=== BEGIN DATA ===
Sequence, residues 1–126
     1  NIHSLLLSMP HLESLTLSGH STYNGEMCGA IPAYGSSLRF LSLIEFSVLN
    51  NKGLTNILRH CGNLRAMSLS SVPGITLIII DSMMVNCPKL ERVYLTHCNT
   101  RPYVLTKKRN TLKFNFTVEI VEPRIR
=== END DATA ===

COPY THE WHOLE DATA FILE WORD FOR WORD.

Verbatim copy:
Sequence, residues 1–126
     1  NIHSLLLSMP HLESLTLSGH STYNGEMCGA IPAYGSSLRF LSLIEFSVLN
    51  NKGLTNILRH CGNLRAMSLS SVPGITLIII DSMMVNCPKL ERVYLTHCNT
   101  RPYVLTKKRN TLKFNFTVEI VEPRIR